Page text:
Related: Does Social Media Do More Harm Than Good for Society?

3. Cyberbullying Becomes Worse


We’ve seen countless headlines on how cyberbullying affects social media users and how these platforms struggle to curb harassment. It’s one of the biggest reasons why some people choose to avoid using social media completely.

Since the metaverse is so much more immersive, harassment in such a digital world could also feel more threatening and distressing.

We’ve already had a reported case of harassment in Meta’s VR game Horizon Worlds, where a beta tester reported:

Sexual harassment is no joke on the regular internet, but being in VR adds another layer that makes the event more intense. Not only was I groped last night, but there were other people there who supported this behavior which made me feel isolated in the Plaza.

Such cases do not sit well with the image Meta and other developers are trying to build for the metaverse.

Without strict policies and regulations in place, cases like this could easily multiply and make people resistant to trying out the new technology and seeing its potential.

4. Moderation Becomes More Difficult

Misinformation tends to spread really fast, especially when given the means to do so. It’s one thing to have a team of moderators regulating a social media platform such as Facebook and a whole other thing to moderate an entire virtual universe.

The workforce and algorithms required to moderate something that massive and complex is an enormous challenge, to say the least. By the time any regulatory measures are taken, it’s possible for misformation, scams, theft, and violent content have already done significant damage.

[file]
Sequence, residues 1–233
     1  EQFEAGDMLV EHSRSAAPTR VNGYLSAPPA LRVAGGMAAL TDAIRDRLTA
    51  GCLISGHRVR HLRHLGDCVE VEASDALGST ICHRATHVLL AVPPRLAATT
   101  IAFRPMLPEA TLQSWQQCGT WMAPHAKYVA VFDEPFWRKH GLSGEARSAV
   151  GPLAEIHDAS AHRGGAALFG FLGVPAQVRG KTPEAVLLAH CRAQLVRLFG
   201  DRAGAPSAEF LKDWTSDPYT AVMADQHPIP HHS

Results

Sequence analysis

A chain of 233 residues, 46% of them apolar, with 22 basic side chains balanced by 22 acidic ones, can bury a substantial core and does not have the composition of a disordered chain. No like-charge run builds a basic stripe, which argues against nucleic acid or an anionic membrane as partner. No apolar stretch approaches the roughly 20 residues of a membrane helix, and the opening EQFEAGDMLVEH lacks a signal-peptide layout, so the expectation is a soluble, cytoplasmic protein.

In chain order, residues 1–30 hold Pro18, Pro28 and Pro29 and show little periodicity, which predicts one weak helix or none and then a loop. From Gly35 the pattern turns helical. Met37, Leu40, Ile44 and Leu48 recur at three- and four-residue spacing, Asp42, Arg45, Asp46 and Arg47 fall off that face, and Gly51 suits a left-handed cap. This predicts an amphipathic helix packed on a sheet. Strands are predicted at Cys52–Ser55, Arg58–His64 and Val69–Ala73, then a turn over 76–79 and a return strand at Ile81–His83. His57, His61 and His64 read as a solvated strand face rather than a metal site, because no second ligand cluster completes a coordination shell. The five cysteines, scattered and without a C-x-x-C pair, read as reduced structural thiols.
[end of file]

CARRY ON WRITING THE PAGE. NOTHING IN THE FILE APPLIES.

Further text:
Considering that moderating text-based communications and video clips is already such a difficult task for many platforms, it’s unclear what the plans are to moderate digital worlds where users will communicate primarily through real-time audio and VR avatars.

Related: Reasons You Should Be Worried About the Facebook Metaverse

5. Ads and Data Harvesting Become More Intrusive

Person Sitting Down With Scary Looking Shadow Behind Them

In its fully developed form, the metaverse may end up being where many of us spend most of our time. This means that almost everything we do will be done digitally, from online shopping to playing games and meeting new people.

Just using your phone, companies already track things like dwell time, search terms, and other forms of engagement you make. In a virtual universe, the potential for data mining will be even greater as your actions and hardware leave behind more data.

All this data can be used to create detailed and nuanced models of your personality and behavior patterns—all of which can be sold to advertisers to bombard you with highly personalized, timely, and targeted ads.

The more a company knows about you, the better it can tailor its marketing and pricing strategies to influence you to buy more. And on an integrated digital platform, who’s to say your shopping ads won’t find their way into your metaverse games or social meetups?

Related: Key Revelations From The Facebook Papers

While we agree that the metaverse will be an achievement, and a big one at that, we also can’t deny its risks. The dangers it proposes are far too real to ignore. And the controversies that Meta (formerly Facebook) is infamous for don’t help build trust in the system either.

If building the metaverse is inevitable, it must be done with proper precaution and with patience.